In today's digital age, scams have become more and more common with the advancement of technology. Scammers take advantage of channels like email, text, and phone calls to target unsuspecting individuals. The best way to safeguard your finances is to stay up-to-date with common scams and remain vigilant. Discover our fraud prevention tips below:
Don’t respond: Exercise caution when you aren’t familiar with the source of a call, email or text. Hang up the phone, refrain from clicking on any links, and avoid responding to suspicious messages.
Don’t trust caller ID: Even if the caller ID appears legitimate, end suspicious calls immediately. Phone numbers can be easily spoofed to appear as if they are from a legitimate, trustworthy caller.
Safeguard personal information: Never disclose personal identifying information unless you’re absolutely certain the request is legitimate. Remember: Associated Credit Union of Texas will never ask you
to send us personal information such as an account number, online banking username and/or password(s), Social Security number, or Tax ID over text, email, or online. Be extremely cautious in providing any personal information over the phone.
Reminder: you must opt-in to receive Fraud Alert text messages regarding potentially fraudulent transactions. If you have not opted in, be cautious of any text messages claiming fraudulent activity. Contact the organization directly through their official phone number to verify any potentially fraudulent transactions or text messages.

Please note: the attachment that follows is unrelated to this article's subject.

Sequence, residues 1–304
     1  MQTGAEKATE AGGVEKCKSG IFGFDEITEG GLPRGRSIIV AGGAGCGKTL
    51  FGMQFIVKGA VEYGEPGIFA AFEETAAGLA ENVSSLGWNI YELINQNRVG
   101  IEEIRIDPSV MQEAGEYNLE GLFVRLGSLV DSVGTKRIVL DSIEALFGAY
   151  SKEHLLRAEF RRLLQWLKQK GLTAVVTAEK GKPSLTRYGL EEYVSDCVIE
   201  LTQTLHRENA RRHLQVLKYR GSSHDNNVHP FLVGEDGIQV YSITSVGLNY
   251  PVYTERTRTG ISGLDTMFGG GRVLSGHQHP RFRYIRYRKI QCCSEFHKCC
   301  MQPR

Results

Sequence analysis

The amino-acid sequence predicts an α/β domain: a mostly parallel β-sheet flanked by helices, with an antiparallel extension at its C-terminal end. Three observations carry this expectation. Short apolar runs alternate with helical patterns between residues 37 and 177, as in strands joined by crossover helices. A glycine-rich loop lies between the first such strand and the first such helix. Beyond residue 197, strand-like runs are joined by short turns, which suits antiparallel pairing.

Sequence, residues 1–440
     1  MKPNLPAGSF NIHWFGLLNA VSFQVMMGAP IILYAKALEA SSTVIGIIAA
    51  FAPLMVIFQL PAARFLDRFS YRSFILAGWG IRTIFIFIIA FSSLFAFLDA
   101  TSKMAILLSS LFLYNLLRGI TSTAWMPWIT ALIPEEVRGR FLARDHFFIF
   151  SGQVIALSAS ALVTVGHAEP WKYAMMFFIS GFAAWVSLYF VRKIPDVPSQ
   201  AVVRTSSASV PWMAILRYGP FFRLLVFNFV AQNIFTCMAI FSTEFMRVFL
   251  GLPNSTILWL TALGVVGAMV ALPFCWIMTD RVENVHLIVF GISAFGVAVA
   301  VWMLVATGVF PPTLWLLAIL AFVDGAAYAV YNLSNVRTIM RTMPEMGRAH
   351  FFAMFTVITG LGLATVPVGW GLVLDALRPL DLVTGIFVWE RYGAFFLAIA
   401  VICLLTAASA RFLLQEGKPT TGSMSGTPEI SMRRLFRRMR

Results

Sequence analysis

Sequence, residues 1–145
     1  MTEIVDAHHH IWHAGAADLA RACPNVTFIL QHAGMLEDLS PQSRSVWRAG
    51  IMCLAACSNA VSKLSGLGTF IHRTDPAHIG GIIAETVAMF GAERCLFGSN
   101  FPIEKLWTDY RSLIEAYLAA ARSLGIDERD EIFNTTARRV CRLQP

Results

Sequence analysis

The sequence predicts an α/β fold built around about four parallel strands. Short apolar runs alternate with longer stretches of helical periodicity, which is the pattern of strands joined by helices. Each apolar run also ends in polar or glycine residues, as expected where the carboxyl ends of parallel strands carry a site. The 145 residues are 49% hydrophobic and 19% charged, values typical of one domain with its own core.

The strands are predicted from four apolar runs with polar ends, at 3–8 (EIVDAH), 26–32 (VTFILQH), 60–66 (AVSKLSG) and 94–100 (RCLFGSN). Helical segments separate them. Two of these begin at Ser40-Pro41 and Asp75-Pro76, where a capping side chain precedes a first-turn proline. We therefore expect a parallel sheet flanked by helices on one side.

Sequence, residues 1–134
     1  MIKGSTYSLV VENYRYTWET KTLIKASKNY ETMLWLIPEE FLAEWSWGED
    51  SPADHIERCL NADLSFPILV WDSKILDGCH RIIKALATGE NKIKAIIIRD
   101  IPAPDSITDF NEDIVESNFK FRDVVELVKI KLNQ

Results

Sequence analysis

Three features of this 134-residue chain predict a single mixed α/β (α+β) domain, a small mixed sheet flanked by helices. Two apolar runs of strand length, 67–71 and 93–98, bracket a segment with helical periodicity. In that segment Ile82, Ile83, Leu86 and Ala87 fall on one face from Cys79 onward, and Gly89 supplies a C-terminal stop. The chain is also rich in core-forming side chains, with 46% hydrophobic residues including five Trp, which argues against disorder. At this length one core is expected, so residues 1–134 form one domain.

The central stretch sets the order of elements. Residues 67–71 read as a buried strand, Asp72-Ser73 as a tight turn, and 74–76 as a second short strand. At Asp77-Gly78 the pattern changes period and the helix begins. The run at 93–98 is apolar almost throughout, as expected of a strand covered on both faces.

Verify requests: If an individual or organization seems suspicious, ensure the request is genuine by ending the call and contacting the organization through their official phone number.
Common Scams and Warning Signs:
- Unsolicited texts requesting authorization for purchases or large transfers.
- Requests for online banking usernames and passwords. Remember, ACU of Texas will never ask for this.
- Appeals to purchase gift cards and provide codes as a form of payment.
- Strangers asking you to cash a check, deposit a check or send money via wire transfer or Zelle.
- Overpayment checks for something that you’re selling, followed by requests to transfer the excess amount to another account.
Threats of legal action or attempts to undermine your trust in your financial institution.